Natural language understanding is a subset of natural language processing that focus is on key issues such as what is the action or actionable information? What are the entities in the statement and how does it all fit together?

As you just saw, this is extremely useful 'cause we can use this to determine the intent and parameters of a statement. And when building out a chatbot, it allows you to translate what people are saying, take it into context and actually build a response. It's actually very important for us to understand the context. And this is key because when doing natural language understanding, understanding if you call somebody a monster versus the monster energy drink brand it's an extremely important nuance that you understand what somebody is referring to.

If you're building something that helps people go shopping online and they search for monster energy drink and you pull up styles of Halloween monsters like Frankenstein, that's not really a good user experience. So you need to understand, is that the energy drink is it a monster somebody's looking to spook somebody with? Or how are they related? This also is key with brands that share common words such as, are you looking for Google or are you looking to Google something? Are you looking up information about the company or these using it as a verb? So being able to control this is key.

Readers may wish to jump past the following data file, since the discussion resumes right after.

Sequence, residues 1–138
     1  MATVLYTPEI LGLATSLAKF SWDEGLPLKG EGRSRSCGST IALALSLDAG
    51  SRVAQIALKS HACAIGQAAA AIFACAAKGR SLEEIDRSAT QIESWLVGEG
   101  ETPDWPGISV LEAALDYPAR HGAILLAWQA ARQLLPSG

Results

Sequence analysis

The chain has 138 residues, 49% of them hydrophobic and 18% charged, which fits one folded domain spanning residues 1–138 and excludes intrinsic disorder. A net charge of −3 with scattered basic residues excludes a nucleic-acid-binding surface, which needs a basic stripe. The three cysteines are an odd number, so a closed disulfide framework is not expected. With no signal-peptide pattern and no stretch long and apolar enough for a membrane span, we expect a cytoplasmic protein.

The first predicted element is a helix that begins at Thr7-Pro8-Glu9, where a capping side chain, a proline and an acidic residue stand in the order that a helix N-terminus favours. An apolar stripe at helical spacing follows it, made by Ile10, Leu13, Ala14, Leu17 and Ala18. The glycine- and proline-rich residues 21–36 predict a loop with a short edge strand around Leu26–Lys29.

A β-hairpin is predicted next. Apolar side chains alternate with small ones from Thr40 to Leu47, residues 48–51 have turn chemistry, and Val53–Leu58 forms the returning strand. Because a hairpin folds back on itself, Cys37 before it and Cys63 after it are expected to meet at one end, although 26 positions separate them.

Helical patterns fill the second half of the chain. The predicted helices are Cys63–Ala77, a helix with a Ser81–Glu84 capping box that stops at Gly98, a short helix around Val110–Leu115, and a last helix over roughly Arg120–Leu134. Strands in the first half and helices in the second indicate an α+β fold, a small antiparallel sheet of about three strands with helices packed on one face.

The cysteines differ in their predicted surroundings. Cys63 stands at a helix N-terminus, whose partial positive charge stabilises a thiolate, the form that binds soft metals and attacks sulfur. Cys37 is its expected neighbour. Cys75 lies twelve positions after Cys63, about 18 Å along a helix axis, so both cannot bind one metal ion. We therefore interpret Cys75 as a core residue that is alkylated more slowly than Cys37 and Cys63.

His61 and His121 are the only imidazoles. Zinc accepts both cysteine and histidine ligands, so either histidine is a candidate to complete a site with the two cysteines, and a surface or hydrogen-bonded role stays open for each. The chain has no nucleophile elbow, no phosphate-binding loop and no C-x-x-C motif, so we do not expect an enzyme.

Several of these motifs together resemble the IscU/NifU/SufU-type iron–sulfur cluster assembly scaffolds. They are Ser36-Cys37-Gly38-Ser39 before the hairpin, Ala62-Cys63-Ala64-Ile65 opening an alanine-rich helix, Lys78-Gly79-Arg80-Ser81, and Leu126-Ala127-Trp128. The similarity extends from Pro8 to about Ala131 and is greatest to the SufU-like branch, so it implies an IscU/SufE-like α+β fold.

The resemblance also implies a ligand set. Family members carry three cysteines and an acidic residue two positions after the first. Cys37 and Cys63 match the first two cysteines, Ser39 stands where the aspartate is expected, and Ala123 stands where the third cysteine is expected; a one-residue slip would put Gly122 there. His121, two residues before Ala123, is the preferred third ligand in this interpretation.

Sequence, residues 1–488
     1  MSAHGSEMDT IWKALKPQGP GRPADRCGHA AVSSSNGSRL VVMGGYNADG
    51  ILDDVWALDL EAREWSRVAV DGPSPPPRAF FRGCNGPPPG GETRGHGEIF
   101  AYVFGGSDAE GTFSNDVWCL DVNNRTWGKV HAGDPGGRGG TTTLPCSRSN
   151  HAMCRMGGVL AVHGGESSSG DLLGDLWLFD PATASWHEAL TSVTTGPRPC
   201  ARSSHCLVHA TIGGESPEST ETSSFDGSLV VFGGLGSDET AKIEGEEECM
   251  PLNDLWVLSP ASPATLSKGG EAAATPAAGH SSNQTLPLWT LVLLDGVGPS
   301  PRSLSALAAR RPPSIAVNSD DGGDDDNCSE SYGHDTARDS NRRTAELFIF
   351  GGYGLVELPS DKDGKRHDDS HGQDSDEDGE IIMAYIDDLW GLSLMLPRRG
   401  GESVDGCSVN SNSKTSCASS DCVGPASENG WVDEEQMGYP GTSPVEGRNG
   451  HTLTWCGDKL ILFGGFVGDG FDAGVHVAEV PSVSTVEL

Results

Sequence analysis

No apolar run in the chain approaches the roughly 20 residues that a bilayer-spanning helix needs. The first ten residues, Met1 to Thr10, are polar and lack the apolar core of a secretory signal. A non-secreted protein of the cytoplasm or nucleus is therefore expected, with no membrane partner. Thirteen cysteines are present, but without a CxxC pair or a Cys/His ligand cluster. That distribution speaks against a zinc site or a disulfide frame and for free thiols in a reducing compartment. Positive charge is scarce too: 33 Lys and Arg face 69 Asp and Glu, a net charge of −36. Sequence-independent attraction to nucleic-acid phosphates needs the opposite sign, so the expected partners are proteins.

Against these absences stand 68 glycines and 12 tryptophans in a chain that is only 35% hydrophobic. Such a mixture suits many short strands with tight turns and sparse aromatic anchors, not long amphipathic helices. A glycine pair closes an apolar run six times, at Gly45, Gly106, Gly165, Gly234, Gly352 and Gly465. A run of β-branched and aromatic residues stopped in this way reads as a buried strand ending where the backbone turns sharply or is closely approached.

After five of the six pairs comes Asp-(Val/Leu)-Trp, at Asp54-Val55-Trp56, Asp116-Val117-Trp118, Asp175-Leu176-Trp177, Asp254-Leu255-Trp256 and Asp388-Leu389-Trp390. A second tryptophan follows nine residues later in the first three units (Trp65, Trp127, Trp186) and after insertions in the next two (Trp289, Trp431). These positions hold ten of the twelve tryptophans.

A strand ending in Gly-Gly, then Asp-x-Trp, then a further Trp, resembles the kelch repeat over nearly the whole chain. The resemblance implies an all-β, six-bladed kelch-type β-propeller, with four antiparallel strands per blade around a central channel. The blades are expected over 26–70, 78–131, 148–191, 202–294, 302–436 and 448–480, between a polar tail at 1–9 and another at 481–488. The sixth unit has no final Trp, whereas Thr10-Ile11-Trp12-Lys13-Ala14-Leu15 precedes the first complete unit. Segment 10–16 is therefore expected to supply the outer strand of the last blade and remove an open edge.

So to recap, what is Dialogflow and why should we use it? At core, it's a simplified way of creating a chatbot that converses in human native language. That human native language doesn't mean things such as English or Chinese or Spanish. What it means is in a way that people talk naturally. And then we're able to take this natural conversation flow and interpret it and serve it back to something that is an understood intent and fulfilled with a machine response.

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Calculated Systems was founded by experts in Hadoop, Google Cloud and AWS. Calculated Systems enables code-free capture, mapping and transformation of data in the cloud based on Apache NiFi, an open source project originally developed within the NSA. Calculated Systems accelerates time to market for new innovations while maintaining data integrity.  With cloud automation tools, deep industry expertise, and experience productionalizing workloads development cycles are cut down to a fraction of their normal time. The ability to quickly develop large scale data ingestion and processing  decreases the risk companies face in long development cycles. Calculated Systems is one of the industry leaders in Big Data transformation and education of these complex technologies.